Jonathan Mayo

Holy Landing: WBC 2017 team tours Israel

Iconic landmarks, falafel and, of course, baseball all on agenda

Holy Landing: WBC 2017 team tours Israel

JERUSALEM -- The sun has set in Jerusalem, issuing in the Sabbath, or Shabbat. It seemed a perfect time to pause and reflect on the action-packed 48 hours the American Jewish baseball players have had since arriving in Israel on Wednesday.

Here to help grow the game of baseball, represent Team Israel -- as they will in South Korea in March in the World Baseball Classic -- as well as explore their own connections to being Jewish and this country, the 10 players on this trip have had two days of a whirlwind tour thus far. Here are the highlights, many of which will be included in a documentary about the trip and Team Israel called "Heading Home," by Ironbound Films.

'A huge honor': Players embark on Israel tour

Arrival and Jaffo

After arriving at Ben Gurion International Airport, the players got a quick tour of Jaffo, the ancient city adjacent to Tel Aviv. There, they were greeted by members of the Breslov community and danced in the streets.

World Baseball Classic schedule, tickets

A dinner at a Georgian restaurant (as in the European nation, not the American South), involved both a belly dancer and a visit from former ambassador and current Knesset member Michael Oren, were the highlights. 

Knesset member and former ambassador to the United States Michael Oren (center) poses with members of Team Israel. Jonathan Mayo/

Day 1: Independence Hall, Graffiti art, bike tour, Baptist Village

Players started the day visiting Independence Hall, the site where David Ben Gurion, the country's first prime minister, announced the formation of the State of Israel in 1948.

Team Israel visits Independence Hall in Tel Aviv.Jonathan Mayo/

After that, the group was treated to a tour of Tel Aviv's graffiti art scene by Nero, a local artist. They helped another artist, Solomon Souza, paint a Sandy Koufax portrait.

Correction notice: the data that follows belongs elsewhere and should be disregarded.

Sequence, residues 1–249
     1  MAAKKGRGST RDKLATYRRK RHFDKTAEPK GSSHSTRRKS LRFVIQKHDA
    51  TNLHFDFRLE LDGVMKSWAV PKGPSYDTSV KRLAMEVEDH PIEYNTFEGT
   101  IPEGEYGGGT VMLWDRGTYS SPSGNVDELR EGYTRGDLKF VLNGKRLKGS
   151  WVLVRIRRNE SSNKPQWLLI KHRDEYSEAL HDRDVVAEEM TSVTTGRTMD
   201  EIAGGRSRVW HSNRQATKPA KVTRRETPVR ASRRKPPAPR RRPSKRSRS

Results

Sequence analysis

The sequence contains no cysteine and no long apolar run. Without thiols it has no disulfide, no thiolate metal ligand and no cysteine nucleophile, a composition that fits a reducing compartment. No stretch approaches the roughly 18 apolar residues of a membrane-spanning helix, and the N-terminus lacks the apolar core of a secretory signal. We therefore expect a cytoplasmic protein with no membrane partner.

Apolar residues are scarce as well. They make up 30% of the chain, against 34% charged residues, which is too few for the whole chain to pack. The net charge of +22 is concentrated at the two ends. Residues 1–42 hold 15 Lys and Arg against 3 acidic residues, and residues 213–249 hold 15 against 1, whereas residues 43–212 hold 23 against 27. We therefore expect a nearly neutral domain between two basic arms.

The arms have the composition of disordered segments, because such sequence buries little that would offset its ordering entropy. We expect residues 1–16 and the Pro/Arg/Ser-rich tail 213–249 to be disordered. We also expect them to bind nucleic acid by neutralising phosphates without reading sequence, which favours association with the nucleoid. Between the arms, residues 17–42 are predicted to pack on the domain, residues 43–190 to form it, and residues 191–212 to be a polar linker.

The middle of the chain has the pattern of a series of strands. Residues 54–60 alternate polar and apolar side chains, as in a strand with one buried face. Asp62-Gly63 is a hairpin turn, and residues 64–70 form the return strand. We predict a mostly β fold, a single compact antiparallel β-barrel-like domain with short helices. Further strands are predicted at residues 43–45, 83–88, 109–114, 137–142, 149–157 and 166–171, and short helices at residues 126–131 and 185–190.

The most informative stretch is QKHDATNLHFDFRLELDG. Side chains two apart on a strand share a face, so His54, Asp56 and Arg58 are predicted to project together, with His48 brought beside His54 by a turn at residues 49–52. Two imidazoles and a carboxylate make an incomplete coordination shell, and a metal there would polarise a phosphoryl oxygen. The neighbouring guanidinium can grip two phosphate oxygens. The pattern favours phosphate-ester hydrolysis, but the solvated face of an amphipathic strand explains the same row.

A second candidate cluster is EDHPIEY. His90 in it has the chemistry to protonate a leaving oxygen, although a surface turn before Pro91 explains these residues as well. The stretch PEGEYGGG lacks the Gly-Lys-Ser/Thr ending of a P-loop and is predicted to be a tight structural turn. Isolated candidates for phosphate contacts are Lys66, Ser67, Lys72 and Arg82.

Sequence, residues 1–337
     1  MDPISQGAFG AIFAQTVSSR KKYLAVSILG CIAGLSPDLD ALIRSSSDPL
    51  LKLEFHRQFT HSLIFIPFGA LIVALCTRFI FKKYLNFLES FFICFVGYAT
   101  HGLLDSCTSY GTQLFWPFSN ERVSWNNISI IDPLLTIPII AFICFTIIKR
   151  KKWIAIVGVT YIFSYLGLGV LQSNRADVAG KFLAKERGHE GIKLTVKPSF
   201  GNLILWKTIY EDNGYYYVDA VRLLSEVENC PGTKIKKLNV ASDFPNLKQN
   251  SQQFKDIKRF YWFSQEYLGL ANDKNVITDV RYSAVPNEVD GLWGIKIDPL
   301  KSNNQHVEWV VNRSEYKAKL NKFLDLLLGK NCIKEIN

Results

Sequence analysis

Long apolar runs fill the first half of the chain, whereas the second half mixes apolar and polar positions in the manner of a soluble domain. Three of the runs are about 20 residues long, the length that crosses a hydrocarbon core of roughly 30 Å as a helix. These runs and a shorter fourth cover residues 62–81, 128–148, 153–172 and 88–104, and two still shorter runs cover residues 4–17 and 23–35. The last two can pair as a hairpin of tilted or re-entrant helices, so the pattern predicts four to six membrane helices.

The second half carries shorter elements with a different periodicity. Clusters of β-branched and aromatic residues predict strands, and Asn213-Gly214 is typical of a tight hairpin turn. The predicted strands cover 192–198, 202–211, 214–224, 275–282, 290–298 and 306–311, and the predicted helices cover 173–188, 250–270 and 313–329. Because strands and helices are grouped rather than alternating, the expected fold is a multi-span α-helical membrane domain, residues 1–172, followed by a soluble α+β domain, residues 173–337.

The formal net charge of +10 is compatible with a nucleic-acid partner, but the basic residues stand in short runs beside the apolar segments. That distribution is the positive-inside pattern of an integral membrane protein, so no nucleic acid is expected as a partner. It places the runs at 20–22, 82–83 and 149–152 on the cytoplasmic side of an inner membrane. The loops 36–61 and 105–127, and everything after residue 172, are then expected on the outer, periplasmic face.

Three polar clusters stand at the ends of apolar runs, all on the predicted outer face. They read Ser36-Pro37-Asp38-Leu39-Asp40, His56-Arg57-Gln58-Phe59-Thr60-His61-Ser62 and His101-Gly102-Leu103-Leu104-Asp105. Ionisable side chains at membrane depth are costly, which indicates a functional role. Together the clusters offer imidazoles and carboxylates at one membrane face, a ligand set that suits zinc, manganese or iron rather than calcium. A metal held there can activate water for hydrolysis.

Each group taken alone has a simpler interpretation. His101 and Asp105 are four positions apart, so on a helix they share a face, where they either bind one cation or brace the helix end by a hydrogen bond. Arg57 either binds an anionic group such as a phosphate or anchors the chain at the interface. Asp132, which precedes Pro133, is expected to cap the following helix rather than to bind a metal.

The team poses with a local artist's graffiti portrait of Sandy Koufax.Jonathan Mayo/

From there, the group got on bicycles and rode down the coast, with the Mediterranean Sea as a guide. After that, there was a talk from venture capitalist Jon Medved about the booming startup industry in Israel and a visit to the Tel Nof Air Force base. 

Finally, it was time for Team Israel to do what they do best: play baseball. At the Baptist Village field, players took batting practice and questions from young players in attendance, as well as from the media in a news conference.

At Baptist Village, the players got in a scrimmage before local fans.Jonathan Mayo/

Decker on fan support for Israel

Day 2: Beit Shemesh, Yad Vashem, Jerusalem

Friday started with more baseball-related activities, as these players continue to try and build the game here in Israel. The Israel Baseball Association and the city of Beit Shemesh held a groundbreaking for a new baseball facility, the first of its kind in the country. Having a regulation field and legitimate practice facilities will certainly help develop the sport. 

Ike Davis (center) and Josh Zeid take part in a ballfield groundbreaking at Beit Shemesh.Jonathan Mayo/

From Yad Vashem, Team Israel headed into Jerusalem. The first stop was for falafel just outside of Machane Yehuda, the Jewish market. The players got to roam around the market for a while -- it's at its busiest on Friday afternoon right before Shabbat -- before heading to the hotel. Finally, they were able to usher in the Sabbath in the Old City of Jerusalem, visiting the Western Wall and enjoying the spectacular views and hospitality in the home of the Claman family, who welcome in soldiers without family in the country, nearly every Friday night.

Cody Decker gets falafel at a crowded restaurant outside Machane Yehuda.Jonathan Mayo/
Team Israel ushered in the Sabbath with a visit to the Western Wall.

Jonathan Mayo is a reporter for Follow him on Twitter @JonathanMayo and Facebook, and listen to him on the weekly Pipeline Podcast. This story was not subject to the approval of Major League Baseball or its clubs.